1. John Byrne circa 1980
|Doom gets the job done|
2. Kirby/Lee circa 1960s
They started it all and brought so much to the Marvel Universe. Everything has already been said, so I’ll just leave it at that.
3. Tom Defalco / Paul Ryan circa 1991-1996
|"Doom is back," again|
4. Jonathan Hickman/Dale Eaglesham circa 2009-2012
|Stay classy Valeria|
Very in-depth storytelling and heavily plotted far in advance, but I was a little turned off by Eaglesham’s art. Hickman really had a control on the family dynamic and seemed to bring in aspects from Defalco’s run, like Nathaniel Richards and an older Franklin. One of the coolest moments of his run happened in the very first issue. We were introduced to the Council of Reeds, which was a council made up of Reeds from different realities and were led by three Reeds wielding the Infinity Gauntlet. There is one gripe I have with Hickman’s run and that had to do with the marketing of Human Torch’s death. It was an off panel implied death, and any like-minded reader knew it was not his end. When the news leaked/released, it seemed to take away from the very emotional scene showing Johnny’s sacrifice. There also seemed to be a lot of wheels turning throughout this run, which at times could get confusing.
5. Mark Waid/Mike Wieringo circa 2002-2004
The one word that best describes the run of Waid and Wieringo is ‘Unthinkable‘. They supped up Doom’s power and really brought focus to his mystical talents. Then the Unthinkable happened, Ben died. Comics being what they are, the Thing couldn't stay dead for long. This brought a journey to the heavens above and a meeting with the ”creator” who bore an uncanny resemblance to the one true “King”. Doom was also taken off the board for a while and trapped in hell. With Doom gone, the F4 defied international authority and took over Latveria all for the purpose of revealing the true atrocities that had been occurring there. Then just as things were settling down, Johnny went and became a temporary herald of Galactus. Overall a good run that made comic book reading fun.
Simonson introduced The New Fantastic Four: Spider-man, Ghost Rider, Wolverine, and Hulk (the gray one). The original four thought dead, so these popular characters came in to raise sales. My first subscription also started towards the end of this run. Simonson started his run with a bang with a three parter Acts of Vengeance crossover story. She-Thing was also still a big part of team. There were also a lot of time jumping stories involving the Time Variance Authority (where were they during Age of Ultron, 60’s X-men coming to the present, or any other time disrupting event/occurrence). Kang and Thor became regulars, the latter of which had a much hyped battle with Gladiator. Reed and Doom had an intriguing time battle where they kept time jumping within the span of a couple minutes.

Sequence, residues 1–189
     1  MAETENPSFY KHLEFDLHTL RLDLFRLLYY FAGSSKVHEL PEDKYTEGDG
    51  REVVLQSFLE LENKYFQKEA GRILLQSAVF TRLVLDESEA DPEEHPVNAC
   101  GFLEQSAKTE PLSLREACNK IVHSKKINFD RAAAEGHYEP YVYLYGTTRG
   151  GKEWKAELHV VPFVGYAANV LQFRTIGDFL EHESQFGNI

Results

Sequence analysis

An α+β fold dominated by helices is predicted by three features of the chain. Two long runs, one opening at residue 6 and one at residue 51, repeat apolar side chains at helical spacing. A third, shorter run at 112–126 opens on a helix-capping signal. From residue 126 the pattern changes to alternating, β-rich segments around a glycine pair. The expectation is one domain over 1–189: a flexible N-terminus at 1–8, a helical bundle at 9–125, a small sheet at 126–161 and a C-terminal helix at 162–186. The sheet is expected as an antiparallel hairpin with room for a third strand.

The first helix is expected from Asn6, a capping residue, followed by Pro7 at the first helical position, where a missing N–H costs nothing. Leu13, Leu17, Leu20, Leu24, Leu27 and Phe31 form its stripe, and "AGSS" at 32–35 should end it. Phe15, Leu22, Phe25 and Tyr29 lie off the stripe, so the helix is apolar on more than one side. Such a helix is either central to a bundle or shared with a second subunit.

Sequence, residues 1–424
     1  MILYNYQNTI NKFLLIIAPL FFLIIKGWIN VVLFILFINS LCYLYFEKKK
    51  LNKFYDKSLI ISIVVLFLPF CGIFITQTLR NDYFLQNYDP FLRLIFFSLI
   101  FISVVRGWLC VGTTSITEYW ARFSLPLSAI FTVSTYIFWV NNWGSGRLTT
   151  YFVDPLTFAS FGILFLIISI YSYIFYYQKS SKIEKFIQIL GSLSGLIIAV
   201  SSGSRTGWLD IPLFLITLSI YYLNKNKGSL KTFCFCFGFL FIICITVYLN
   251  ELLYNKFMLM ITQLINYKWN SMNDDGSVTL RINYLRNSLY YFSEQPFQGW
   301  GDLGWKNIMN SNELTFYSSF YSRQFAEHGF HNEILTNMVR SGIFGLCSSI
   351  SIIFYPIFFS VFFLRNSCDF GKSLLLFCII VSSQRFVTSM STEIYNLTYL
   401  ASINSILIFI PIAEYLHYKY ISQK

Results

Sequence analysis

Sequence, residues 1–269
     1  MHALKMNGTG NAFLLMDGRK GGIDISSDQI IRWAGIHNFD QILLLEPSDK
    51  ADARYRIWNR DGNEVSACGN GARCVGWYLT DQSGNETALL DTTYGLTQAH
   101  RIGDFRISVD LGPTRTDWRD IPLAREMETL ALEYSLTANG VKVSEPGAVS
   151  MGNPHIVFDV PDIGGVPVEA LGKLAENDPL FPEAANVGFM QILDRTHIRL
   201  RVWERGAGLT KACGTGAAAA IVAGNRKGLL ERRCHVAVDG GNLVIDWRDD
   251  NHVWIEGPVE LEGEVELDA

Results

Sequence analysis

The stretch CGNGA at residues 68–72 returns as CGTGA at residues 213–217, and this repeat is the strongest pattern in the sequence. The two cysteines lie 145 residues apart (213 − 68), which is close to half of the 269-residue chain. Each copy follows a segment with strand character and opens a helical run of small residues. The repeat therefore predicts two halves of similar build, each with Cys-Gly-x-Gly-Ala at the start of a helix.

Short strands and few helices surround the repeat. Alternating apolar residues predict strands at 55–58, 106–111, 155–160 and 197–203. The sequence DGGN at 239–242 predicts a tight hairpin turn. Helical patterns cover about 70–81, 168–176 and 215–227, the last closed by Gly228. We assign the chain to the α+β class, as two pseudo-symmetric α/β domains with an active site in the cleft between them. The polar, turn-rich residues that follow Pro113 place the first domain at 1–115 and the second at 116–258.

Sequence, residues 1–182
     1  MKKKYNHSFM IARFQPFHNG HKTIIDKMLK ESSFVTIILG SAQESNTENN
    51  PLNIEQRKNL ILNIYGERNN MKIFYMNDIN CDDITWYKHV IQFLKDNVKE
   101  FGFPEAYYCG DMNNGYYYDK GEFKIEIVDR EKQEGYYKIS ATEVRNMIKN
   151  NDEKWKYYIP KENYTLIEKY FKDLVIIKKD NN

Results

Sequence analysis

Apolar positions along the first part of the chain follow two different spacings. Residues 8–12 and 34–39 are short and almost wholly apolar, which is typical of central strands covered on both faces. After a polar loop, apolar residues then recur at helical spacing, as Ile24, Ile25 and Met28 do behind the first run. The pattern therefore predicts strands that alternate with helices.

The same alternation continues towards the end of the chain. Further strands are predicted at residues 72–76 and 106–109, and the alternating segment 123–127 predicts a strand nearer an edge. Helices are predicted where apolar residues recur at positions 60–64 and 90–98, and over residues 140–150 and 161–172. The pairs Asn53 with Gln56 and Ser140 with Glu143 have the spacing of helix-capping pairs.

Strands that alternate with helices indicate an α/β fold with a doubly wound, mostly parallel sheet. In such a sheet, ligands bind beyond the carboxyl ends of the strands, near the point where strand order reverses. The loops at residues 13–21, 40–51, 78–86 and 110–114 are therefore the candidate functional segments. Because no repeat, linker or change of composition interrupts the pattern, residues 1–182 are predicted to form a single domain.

7. Chris Claremont/Larroca circa 1998-2000
Freshly returned from Heroes Reborn, Scott Lobdell and Alan Davis brought the F4 back into the regular Marvel Universe, but by issue #4 Chris Claremont stepped in to assist Lobdell and soon became its regular writer alongside Salvador Larroca as the new artist. This new creative team lasted about 30 issues or so. Claremont is known for molding some of the most recognizable X-Men stories in the 80’s and early 90’s and it was now in his hands to do the same to the Fantastic Four. He also brought in elements from his Excalibur run. Things didn't quite work out for this, what some call lackluster moment for the Fantastic Four but some interesting concepts were created. Enter in Valeria Von Doom, daughter of the Invisible Woman and Dr. Doom (or was it Mr. Fantastic in Doom’s armor?). Of course she was from the future or some alternative timeline. She also took the name Marvel Girl, because why not. That was the highlight of Claremont’s run, and he was not able to wrap up the true origin of Valeria. That was left up to Jeph Loeb and Carlos Pacheco, who ended up turning her back into a fetus and put her back in Susan’s belly, ready to give birth. The joys of comics.
8. Roy Thomas/ Rich Buckler and John Buscema circa 1970s
I’m not too familiar with this run, but coming after Lee and Kirby's lengthy run was a lot of pressure. Thomas kept with what was known and focused stories on the Frightful Four and Inhumans. This in turn led to Medusa joining the team to replace Sue. Tension was building between Reed and Sue, which was fracturing the family dynamic. Sue was becoming more outspoken and finally got fed up with Reed so she left with Franklin. When she finally came back, it was the Thing's turn to be replaced. He had lost his powers so Power Man (Luke Cage) was hired for some extra muscle on the team. Human Torch also thought about quitting, so that seemed to be the trend. The seed was also planted for Byrne at this time to make Sue grow as a woman.
9. Dwayne McDuffie/ Paul Pelletier circa 2002
A short run from McDuffie brought a big change to the team. Coming after Civil War, Reed and Sue took some time off, so another power couple was asked to take their place, Black Panther and Storm. This led to some adventures in space and a confrontation with Galactus. The Frightful Four also showed up and Sue had a heart to heart conversation with the Wizard.
Stern had a short run following Byrne, but he had dabbled in just about every main character in the Marvel Universe (even a few for the Distinguished Competition). He is best known for his Dr. Strange and Dr. Doom story Triumph and Torment. Buscema on the other hand was a veteran artist for the FF and had originally took over drawing duties from Jack Kirby. A couple highlights from this combo include a wonderful fight between She-Hulk and Thing, and they also handled the Human Torch's marriage to Alicia Masters, as well as Thing's feelings towards that.